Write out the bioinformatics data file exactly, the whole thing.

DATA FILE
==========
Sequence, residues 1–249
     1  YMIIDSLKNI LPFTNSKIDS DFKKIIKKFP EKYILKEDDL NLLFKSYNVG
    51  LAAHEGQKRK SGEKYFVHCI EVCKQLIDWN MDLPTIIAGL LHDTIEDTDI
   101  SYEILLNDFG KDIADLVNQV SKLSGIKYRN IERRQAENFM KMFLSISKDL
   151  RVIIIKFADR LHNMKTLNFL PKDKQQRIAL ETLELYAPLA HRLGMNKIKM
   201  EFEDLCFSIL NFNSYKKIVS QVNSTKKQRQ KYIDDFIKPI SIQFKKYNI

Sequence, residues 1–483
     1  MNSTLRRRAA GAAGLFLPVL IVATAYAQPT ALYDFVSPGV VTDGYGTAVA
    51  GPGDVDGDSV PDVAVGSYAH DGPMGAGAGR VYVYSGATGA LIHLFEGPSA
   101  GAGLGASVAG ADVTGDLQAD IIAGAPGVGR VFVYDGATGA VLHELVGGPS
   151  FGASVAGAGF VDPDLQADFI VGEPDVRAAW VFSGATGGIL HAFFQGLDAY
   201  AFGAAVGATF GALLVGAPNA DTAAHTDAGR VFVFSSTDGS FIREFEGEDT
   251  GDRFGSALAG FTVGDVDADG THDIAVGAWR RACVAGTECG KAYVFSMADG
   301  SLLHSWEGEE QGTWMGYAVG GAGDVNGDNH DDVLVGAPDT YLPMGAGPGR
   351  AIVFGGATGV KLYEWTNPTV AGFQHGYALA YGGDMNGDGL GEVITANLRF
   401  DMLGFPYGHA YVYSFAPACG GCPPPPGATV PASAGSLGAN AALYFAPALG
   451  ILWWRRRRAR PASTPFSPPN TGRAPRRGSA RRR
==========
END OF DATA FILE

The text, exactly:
Sequence, residues 1–249
     1  YMIIDSLKNI LPFTNSKIDS DFKKIIKKFP EKYILKEDDL NLLFKSYNVG
    51  LAAHEGQKRK SGEKYFVHCI EVCKQLIDWN MDLPTIIAGL LHDTIEDTDI
   101  SYEILLNDFG KDIADLVNQV SKLSGIKYRN IERRQAENFM KMFLSISKDL
   151  RVIIIKFADR LHNMKTLNFL PKDKQQRIAL ETLELYAPLA HRLGMNKIKM
   201  EFEDLCFSIL NFNSYKKIVS QVNSTKKQRQ KYIDDFIKPI SIQFKKYNI

Sequence, residues 1–483
     1  MNSTLRRRAA GAAGLFLPVL IVATAYAQPT ALYDFVSPGV VTDGYGTAVA
    51  GPGDVDGDSV PDVAVGSYAH DGPMGAGAGR VYVYSGATGA LIHLFEGPSA
   101  GAGLGASVAG ADVTGDLQAD IIAGAPGVGR VFVYDGATGA VLHELVGGPS
   151  FGASVAGAGF VDPDLQADFI VGEPDVRAAW VFSGATGGIL HAFFQGLDAY
   201  AFGAAVGATF GALLVGAPNA DTAAHTDAGR VFVFSSTDGS FIREFEGEDT
   251  GDRFGSALAG FTVGDVDADG THDIAVGAWR RACVAGTECG KAYVFSMADG
   301  SLLHSWEGEE QGTWMGYAVG GAGDVNGDNH DDVLVGAPDT YLPMGAGPGR
   351  AIVFGGATGV KLYEWTNPTV AGFQHGYALA YGGDMNGDGL GEVITANLRF
   401  DMLGFPYGHA YVYSFAPACG GCPPPPGATV PASAGSLGAN AALYFAPALG
   451  ILWWRRRRAR PASTPFSPPN TGRAPRRGSA RRR